I’ve been thinking about this more, and it really boggles my mind that when people have several days notice that a hurricane is on the way that they can’t even do the most minimal of preparations such as get some cash and fill the gas tank. If the hurricane fizzles or goes in a different direction, great, and you still have the cash and gas.
This weekend I was a volunteer at a very large fundraiser. I ran the registration tables. Most people pre-registered. I personally handled the same day registrations. Though it was probably a good guess on their part that I’d take cash, check, or credit card, that was a gamble nonetheless being we were out in a farm field and maybe wouldn’t have been able to take credit cards, or perhaps by policy wouldn’t have taken checks. I’d never have showed up expecting to use anything other than cash, but hardly any of them did. Lucky for them I took checks and credit cards. Lots of people came the night before and camped out on the farm, most having registered and paid in advance. However, many just showed up expecting to camp, just assuming we had unlimited space to accommodate them. Fortunately we were able to find spots for them because they’d of slept in their vehicles otherwise. Every hotel in the area was sold out on account of this event so there was nowhere else to go.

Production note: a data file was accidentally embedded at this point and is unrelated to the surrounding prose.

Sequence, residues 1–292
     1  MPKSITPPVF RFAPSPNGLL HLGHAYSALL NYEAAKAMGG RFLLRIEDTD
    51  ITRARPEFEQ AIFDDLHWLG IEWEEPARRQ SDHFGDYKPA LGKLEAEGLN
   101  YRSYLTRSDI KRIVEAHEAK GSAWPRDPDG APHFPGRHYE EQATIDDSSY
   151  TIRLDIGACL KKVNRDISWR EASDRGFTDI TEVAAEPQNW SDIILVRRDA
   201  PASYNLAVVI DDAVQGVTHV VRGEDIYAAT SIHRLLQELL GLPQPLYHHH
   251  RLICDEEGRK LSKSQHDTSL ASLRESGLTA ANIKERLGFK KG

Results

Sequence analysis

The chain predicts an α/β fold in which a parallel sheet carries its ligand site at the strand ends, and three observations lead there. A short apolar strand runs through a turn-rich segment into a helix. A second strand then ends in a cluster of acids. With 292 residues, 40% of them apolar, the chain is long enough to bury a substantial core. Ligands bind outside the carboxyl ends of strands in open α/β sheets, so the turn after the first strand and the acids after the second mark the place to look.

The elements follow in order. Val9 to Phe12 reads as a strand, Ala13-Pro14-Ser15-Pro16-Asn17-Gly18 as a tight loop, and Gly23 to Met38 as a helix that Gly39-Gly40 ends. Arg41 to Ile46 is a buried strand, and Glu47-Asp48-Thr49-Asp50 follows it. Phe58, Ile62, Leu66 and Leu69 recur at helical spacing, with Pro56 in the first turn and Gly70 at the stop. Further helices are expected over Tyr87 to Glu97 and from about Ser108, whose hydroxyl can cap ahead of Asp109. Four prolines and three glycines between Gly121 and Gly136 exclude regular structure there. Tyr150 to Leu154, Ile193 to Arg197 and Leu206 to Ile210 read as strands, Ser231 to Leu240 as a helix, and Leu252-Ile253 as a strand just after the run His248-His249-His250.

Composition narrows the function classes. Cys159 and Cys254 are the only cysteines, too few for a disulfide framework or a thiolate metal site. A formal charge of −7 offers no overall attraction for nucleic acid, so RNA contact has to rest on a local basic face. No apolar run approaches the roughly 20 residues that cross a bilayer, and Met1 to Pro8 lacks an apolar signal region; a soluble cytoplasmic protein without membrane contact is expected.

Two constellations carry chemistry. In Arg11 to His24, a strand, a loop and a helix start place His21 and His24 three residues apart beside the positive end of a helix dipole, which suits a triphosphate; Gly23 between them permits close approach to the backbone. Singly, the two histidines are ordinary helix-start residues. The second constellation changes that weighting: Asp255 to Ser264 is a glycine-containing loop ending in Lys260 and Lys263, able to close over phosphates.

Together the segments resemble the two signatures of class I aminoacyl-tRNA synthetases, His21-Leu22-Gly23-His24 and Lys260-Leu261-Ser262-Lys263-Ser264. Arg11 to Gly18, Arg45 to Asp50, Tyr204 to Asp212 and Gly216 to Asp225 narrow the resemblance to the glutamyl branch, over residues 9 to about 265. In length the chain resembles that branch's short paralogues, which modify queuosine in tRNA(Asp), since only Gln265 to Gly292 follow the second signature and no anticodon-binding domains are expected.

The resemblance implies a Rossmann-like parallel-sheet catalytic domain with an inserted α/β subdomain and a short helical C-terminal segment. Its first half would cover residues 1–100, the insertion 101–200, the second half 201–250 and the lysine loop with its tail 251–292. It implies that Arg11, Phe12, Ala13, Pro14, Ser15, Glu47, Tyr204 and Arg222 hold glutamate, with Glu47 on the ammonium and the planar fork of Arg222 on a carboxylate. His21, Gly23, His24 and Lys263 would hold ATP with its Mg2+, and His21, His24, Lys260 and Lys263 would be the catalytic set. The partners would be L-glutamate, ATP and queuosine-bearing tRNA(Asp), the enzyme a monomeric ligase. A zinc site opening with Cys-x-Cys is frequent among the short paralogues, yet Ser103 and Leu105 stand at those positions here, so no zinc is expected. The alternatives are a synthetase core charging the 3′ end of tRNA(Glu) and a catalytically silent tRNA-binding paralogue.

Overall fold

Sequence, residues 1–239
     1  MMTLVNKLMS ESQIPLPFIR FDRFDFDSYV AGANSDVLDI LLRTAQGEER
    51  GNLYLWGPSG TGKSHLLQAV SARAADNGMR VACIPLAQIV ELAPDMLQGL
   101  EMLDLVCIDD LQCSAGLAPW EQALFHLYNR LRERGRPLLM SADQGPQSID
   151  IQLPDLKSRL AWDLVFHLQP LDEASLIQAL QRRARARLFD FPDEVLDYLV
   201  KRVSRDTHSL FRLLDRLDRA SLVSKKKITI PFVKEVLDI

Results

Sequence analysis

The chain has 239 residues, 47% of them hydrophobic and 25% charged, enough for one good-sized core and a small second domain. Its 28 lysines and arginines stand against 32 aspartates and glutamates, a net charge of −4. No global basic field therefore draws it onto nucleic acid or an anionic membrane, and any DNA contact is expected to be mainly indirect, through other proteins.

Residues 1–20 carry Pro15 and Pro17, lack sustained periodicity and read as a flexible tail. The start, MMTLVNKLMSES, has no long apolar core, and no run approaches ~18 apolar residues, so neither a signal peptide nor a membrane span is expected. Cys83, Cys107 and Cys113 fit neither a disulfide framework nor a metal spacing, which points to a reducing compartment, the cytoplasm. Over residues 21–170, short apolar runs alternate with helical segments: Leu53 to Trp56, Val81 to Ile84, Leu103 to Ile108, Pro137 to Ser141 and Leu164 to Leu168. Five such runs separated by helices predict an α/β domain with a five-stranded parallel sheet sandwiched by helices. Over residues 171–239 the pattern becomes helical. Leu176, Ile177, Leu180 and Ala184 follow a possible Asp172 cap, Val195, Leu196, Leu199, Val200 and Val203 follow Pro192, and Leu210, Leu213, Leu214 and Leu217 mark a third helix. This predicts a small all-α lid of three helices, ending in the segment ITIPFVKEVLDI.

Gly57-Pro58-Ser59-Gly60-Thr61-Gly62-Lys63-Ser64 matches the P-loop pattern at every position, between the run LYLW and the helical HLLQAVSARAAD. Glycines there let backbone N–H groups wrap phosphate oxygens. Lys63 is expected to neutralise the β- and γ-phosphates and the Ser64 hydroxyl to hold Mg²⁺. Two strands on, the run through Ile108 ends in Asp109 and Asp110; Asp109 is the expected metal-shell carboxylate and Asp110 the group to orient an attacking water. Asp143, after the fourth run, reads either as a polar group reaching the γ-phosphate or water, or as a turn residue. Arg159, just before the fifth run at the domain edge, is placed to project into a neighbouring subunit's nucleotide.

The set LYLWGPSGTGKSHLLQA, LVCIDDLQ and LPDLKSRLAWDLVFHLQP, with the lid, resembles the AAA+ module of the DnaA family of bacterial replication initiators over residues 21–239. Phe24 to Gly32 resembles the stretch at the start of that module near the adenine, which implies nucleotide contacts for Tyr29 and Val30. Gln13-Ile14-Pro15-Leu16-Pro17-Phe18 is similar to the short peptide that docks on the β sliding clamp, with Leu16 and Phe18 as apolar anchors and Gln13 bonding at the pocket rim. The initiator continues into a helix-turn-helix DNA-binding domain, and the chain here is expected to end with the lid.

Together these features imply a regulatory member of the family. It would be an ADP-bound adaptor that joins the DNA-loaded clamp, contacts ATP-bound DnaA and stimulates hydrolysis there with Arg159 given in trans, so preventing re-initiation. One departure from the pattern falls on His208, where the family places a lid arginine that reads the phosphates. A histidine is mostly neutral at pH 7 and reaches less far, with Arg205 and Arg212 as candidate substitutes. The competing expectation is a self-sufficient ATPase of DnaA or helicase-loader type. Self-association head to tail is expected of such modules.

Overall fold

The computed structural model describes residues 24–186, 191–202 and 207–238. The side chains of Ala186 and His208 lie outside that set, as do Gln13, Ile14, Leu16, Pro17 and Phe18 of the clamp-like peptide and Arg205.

Any hiccup with societal infrastructure will catch most people completely unprepared.
The part of the Katrina story that elijah posted that makes me a bit squeamish are the uninvited friends of friends. I’d be hard pressed to turn people away myself, especially if they are being vouched for by people I trust, but they do represent an unplanned for drain on resources and potentially a security threat. Towards that eventuality, I keep adding to my preps pile. Depending upon the circumstances it could turn into a positive if the extra guests bring with them a valuable skill or represent a beneficial labor or security resource.